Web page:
Britain has given a cautionary response to North Korea’s historic announcement to halt its nuclear and missile tests.
The government said in a statement: “A long term commitment from Kim Jung Un to halt all nuclear tests and ICBM launches would be a positive step.
“We hope this indicates an effort to negotiate in good faith.
“We remain committed to working with our international partners to bring about our goal of a complete, verifiable and irreversible denuclearisation of the Korean peninsula, and to do so through peaceful means.”
The reaction comes after the country’s state news agency stunned the world when it said: “From 21 April, North Korea will stop nuclear tests and launches of intercontinental ballistic missiles.”
The North Korean leader said the country didn’t need to continue testing its nuclear capabilities because they have been “verified”.
In response, the European Union’s foreign affairs chief said North Korea’s announcement to stop nuclear tests was a positive step and called for an “irreversible denuclearisation” of the Asian country.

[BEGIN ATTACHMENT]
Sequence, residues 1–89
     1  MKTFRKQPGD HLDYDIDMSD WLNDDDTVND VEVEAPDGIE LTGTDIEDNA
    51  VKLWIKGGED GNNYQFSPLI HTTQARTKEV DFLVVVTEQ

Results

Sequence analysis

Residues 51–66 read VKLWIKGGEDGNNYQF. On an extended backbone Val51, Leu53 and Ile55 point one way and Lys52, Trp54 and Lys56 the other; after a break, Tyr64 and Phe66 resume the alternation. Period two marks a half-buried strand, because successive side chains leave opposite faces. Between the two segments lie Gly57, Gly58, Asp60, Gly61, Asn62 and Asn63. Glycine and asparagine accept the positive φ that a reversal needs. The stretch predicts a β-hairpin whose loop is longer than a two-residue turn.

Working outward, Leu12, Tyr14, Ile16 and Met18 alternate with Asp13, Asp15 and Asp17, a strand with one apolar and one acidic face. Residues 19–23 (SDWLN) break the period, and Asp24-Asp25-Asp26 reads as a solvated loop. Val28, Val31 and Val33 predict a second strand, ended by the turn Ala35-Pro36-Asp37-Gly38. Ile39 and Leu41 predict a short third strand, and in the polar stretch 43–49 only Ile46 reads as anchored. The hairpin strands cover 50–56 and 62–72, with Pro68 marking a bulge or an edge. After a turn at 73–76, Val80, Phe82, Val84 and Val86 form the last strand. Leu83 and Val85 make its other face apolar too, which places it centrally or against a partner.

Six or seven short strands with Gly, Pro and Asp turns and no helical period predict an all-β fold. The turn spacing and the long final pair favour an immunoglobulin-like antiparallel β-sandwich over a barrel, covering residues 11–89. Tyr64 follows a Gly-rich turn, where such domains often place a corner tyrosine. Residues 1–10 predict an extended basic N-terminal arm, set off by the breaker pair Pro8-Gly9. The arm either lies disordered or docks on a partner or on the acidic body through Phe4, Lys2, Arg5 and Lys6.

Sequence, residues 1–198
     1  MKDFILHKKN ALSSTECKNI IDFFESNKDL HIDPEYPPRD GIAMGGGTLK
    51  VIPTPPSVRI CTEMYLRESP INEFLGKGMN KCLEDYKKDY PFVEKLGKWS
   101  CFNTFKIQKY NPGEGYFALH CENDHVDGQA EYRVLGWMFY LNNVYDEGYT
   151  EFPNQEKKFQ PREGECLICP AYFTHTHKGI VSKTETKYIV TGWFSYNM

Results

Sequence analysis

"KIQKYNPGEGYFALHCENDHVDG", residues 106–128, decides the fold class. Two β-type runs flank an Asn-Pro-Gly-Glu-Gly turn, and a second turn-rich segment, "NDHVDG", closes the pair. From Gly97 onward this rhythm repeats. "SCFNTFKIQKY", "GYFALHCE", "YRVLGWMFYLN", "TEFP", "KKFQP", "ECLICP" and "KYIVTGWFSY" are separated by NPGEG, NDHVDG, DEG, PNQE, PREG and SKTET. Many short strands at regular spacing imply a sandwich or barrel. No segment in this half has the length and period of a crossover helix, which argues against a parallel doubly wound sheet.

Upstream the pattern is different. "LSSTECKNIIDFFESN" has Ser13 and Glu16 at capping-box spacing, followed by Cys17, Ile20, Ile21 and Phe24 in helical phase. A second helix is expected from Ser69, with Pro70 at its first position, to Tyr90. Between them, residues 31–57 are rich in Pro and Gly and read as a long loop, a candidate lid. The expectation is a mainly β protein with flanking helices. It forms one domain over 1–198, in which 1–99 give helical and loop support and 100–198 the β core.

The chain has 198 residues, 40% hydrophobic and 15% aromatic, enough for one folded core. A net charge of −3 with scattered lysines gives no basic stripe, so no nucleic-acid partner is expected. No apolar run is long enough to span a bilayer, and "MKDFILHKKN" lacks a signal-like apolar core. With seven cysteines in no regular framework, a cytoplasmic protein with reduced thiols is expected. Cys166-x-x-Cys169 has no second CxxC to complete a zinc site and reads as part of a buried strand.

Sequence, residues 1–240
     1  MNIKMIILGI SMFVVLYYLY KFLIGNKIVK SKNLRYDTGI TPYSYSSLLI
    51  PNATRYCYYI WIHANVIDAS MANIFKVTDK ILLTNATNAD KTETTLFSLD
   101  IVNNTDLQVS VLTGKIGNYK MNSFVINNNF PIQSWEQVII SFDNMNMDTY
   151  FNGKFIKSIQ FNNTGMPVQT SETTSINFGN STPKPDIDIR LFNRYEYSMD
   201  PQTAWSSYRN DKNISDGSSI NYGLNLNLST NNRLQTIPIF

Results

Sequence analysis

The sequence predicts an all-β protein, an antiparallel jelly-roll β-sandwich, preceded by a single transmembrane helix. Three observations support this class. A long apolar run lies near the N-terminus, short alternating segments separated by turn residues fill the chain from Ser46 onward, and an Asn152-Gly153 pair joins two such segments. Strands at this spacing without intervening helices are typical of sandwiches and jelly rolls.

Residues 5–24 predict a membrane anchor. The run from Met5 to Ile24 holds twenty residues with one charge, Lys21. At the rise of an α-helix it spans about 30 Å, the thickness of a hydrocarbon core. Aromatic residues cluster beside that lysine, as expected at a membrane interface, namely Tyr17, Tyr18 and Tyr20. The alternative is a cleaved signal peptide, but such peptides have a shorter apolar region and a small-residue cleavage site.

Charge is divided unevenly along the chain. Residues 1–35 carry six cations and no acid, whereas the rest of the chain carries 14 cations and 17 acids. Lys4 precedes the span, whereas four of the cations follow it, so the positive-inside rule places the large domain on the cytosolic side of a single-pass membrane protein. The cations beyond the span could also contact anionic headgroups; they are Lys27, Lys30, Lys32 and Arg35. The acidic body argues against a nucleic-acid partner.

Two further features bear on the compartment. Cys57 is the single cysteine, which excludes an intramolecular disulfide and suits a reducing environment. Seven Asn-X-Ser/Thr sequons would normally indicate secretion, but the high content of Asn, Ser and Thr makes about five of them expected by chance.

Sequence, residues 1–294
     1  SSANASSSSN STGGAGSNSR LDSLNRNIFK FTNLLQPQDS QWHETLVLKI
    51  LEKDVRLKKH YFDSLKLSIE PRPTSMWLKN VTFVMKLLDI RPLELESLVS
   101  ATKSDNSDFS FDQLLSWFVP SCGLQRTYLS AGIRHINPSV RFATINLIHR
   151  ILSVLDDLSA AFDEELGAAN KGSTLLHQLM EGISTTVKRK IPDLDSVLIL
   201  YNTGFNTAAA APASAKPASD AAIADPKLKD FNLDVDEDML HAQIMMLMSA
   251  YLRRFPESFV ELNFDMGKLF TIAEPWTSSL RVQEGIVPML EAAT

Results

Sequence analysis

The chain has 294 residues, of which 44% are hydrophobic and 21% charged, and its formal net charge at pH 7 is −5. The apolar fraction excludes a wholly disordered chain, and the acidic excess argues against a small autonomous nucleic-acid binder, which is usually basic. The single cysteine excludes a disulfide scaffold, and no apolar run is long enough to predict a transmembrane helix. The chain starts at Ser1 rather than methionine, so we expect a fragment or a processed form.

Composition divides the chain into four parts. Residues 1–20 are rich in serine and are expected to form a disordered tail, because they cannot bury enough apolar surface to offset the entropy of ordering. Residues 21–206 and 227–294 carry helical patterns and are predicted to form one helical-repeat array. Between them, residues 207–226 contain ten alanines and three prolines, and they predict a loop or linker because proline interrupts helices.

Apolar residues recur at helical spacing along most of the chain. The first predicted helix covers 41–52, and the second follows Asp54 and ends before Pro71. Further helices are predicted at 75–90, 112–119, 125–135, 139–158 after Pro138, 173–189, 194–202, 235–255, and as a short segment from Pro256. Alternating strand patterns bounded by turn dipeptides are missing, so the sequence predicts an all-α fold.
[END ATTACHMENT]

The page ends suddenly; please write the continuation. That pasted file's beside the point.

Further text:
Federica Mogherini said: “The North Korean move is a positive, long sought-after step on the path that has now to lead to the country’s complete, verifiable and irreversible denuclearisation.”
The hermit kingdom’s only ally, China, and the United States have praised the announcement.
An official spokesman from China said: “The Chinese side believes that North Korea’s decision will help ameliorate the situation on the peninsula. China welcomes this.”
Donald Trump praised the move and tweeted that it is “very big news” and shows “big progress”.
However, North Korea’s neighbour to the south remains skeptical.
The President Moon Jae-in said ahead of their summit this month that there is a possibility of a peace agreement if the hermit kingdom denuclearises.